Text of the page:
Sat 3 May, 2003 10:18 am
SCHUBERT'S COST-CONTAINED UNFINISHED SYMPHONY
A NEW PERSPECTIVE ON HEALTH CARE REFORM
By BumbleBeeBoogie - March 15, 1995
Have you ever wondered what would happen to the quality of your medical care under a draconian rationing program in your health plan? Let's look at it another way. Imagine, if you can, how a Bach fugue would sound with a harmonica instead of a pipe organ; a Sousa march without a booming tuba; or the Beatle's without Ringo's throbbing drum beat. Would the quality of the music be affected? Would you want to listen to it? Now, apply these examples to understand what could happen to the quality of medical care under the cost-containment goals of a health plan. Imagine Schubert's Unfinished Symphony as it would be performed by a civic orchestra under these circumstances.
The following memo from the symphony's treasurer may make you sick---but with laughter:
Under the Symphony's new cost-containment program, the attendance of the orchestra conductor will be unnecessary for public performances. The orchestra musicians obviously are required to practice. They have the conductor's prior authorization to play the symphony at a predetermined cadence and at an expected level of quality. Considerable money will be saved by merely having the conductor critique the orchestra's performance during a retrospective peer review meeting.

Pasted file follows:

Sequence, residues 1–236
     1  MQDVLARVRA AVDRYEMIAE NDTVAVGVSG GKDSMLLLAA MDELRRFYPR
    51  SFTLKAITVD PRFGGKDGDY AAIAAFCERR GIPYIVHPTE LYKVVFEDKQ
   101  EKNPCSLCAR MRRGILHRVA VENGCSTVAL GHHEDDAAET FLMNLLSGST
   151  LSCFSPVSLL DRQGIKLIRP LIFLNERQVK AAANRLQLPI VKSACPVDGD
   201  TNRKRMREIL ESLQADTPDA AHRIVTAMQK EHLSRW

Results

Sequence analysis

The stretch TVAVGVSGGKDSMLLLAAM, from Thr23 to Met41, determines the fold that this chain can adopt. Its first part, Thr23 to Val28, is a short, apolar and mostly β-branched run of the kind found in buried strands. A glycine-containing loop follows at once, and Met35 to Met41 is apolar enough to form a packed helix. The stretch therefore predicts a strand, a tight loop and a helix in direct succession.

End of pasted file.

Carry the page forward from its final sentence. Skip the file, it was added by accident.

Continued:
For considerable periods, the four oboe players have nothing to do. Reducing their numbers and spreading their work over the whole orchestra will eliminate peaks and valleys of activity.
Dispensing with either the snare drums or the kettle drums will eliminate an obvious redundancy and still produce the needed cadence for the musicians.
All twelve violin players produce identical notes with identical motions, an unnecessary duplication. The violin section will be drastically cut, resulting in substantial savings. Electronic amplification, with its high reproductive quality, may be used if more sound volume is desirable.
Much effort is expended by the musicians playing 16th notes, or semi-quavers, an excessive refinement. Most listeners can't distinguish such rapid playing. All notes will be rounded up to the nearest 8th. When this is done, it will be possible to use trainee musicians without loss of quality.
No useful purpose is served by repeating with horns, the same passage already been played by the strings. Elimination of all redundant passages, as determined by a cost-containment committee, will reduce the concert from two hours to twenty minutes. A great savings in salaries and overhead will be achieved. In fact, if Schubert had attended to these matters on a cost-containment basis, he probably would have been able to finish his symphony.